The third reason for the acquisition is that BeyondCore’s offering is one to watch closely from the customer’s perspective, if integrated nicely within Salesforce’s platform. With proprietary smart pattern discovery technology, the start-up analytics company aims to ease the often laborious and error-prone process involved in finding useful insights. Specifically, it provides a way to exhaustively examine variable combinations and patterns within large datasets, and automate the statistical analysis process with ready-to-use patented models for defining mathematical relationships within the data.

BeyondCore’s analytics solution provides users with guided exploration and discovery features, along with recommendations to provide help within the complete analytics cycle, such as suggestions for action. A set of collaboration functionality features is available for sharing results and promoting analytics within a collaborative interface, rather than as an isolated data science bunker.

BeyondCore includes a broad set of advanced analytics features (figure 1) that serves to build the case for Salesforce´s interest and user appeal. The possibility of having an advanced analytics toolset within the Salesfoce platform will appeal to both users and Salesforce itself, which will enable the vendor to not only keep pace with industry leaders but also compete head to head with other players in the market.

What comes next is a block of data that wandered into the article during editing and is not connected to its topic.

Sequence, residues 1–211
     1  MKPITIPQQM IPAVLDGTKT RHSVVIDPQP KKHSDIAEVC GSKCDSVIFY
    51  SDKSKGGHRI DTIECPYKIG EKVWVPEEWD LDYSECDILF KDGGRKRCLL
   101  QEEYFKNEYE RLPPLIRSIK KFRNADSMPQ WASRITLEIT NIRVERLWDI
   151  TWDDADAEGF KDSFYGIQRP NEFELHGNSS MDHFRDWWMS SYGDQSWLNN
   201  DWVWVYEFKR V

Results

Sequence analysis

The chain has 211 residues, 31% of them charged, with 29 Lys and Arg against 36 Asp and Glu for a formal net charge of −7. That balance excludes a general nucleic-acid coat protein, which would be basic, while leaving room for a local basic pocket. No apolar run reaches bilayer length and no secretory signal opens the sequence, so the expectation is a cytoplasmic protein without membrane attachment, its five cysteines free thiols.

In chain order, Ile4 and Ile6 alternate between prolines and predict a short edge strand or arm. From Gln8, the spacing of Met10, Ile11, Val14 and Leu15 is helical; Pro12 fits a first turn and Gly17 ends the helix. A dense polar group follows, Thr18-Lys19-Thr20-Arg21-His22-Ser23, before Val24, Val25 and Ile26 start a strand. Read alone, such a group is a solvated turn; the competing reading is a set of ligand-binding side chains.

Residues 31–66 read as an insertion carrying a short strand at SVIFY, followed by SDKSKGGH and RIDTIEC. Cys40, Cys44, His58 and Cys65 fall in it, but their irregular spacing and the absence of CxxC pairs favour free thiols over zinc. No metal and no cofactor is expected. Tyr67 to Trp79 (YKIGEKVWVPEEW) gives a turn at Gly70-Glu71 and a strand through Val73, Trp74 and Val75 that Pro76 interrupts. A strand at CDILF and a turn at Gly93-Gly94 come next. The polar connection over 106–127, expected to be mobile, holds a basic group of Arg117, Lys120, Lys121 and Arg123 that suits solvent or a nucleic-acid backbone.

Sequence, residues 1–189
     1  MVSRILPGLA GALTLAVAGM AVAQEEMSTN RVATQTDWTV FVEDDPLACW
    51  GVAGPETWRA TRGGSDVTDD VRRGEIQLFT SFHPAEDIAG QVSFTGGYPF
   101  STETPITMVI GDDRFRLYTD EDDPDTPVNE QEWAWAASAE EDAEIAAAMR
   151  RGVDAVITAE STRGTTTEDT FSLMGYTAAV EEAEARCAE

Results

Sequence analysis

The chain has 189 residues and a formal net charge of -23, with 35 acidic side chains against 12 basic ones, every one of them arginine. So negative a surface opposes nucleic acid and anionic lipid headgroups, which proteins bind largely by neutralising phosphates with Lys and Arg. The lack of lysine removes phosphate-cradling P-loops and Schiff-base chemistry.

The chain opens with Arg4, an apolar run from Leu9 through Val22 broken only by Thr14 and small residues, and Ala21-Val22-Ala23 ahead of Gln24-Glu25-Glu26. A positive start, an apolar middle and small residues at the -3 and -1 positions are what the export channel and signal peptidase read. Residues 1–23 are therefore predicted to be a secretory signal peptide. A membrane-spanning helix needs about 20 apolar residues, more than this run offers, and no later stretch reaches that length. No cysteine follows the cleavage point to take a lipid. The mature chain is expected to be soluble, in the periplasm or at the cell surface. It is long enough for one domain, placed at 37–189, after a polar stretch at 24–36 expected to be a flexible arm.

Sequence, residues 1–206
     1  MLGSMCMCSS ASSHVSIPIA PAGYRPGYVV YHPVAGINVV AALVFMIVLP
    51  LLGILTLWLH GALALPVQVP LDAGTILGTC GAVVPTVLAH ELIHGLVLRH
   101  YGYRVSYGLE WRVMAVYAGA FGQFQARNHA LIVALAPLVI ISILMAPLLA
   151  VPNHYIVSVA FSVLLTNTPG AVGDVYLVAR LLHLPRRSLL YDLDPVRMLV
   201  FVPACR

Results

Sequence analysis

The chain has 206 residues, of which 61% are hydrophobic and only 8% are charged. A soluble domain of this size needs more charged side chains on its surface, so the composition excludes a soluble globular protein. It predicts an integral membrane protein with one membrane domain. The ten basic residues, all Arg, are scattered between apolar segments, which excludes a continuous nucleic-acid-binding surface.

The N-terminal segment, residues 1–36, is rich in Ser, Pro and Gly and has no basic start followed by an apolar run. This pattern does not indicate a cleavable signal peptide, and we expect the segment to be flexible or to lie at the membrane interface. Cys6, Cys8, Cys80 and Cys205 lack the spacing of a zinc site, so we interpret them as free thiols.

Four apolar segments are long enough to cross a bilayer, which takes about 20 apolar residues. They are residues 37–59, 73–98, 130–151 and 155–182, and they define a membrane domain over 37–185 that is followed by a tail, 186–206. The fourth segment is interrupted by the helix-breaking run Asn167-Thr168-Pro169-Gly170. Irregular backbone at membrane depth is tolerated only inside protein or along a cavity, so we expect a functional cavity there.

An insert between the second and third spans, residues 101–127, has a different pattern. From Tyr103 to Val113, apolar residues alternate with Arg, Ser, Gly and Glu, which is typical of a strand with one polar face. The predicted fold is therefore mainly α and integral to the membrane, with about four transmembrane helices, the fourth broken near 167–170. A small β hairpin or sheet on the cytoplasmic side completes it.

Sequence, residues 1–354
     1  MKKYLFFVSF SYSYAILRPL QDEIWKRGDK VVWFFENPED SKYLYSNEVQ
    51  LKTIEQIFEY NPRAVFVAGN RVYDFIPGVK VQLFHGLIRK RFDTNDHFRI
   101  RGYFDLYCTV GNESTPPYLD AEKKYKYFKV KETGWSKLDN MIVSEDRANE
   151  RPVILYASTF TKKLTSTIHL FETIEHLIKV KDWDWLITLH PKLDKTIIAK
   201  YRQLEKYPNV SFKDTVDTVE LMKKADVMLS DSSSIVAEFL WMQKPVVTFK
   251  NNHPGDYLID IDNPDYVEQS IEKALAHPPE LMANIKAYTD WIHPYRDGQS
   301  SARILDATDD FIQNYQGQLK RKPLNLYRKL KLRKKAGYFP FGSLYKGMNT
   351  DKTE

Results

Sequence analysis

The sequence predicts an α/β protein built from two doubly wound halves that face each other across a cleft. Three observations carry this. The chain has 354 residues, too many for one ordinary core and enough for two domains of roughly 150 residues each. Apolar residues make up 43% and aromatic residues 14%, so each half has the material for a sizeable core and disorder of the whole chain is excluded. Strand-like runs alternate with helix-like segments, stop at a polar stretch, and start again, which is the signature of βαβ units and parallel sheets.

Figure 1. Major functional features in comparison with other offerings (Source:

Expecting a Prompt Integration of BeyondCore with Salesforce
While the acquisition has already been completed, not much information has been shared on Salesforce’s internal strategy for fusing BeyondCore within the Salesforce platform.
I would expect Salesforce to promptly fuse all BeyondCore assets to fit nicely with the platform. A couple of these integrations appear to be worth exploring:

  1. Integration with the Salesforce Wave Analytics and Wave App portions of the cloud platform in order to naturally expand the analytics offering
  2. Integration with Salesforce’s new IoT Cloud Service, which would enable Salesforce to offer more robust and modern data management solutions that provide a wide variety of connected services and their analysis

In my view, the BeyondCore acquisition offers Salesforce more than just technology. Whether Salesforce succeeds in successfully integrating the BeyondCore solution will depend on how well the solution interacts with the rest of the Salesforce’s platform from a practical and business point of view.

So what?
Finally, I would expect to see Salesforce keep investing fervently in the analytics and space. Evidence of this is in Salesforce’s recent revelation, by CEO Marc Benioff, of the company’s continued investment in the realm of artificial intelligence (AI) and cognitive computing with its ‘Einstein’ project/product, Salesforce’s project to introduce AI to its customer relationship management (CRM) product aside from SalesforceIQ.

Certainly, for Salesforce and other vendors in this market, the road ahead will see many changes as, surprisingly, there’s still a lot of consolidation to be done in many areas of the analytics space. This is particularly true for creating a smooth path from analysis to decision making as well as for filling the gap between traditional analytics infrastructures and those emerging from new technologies—to enable faster, better, and more accurate decisions based on current, available data.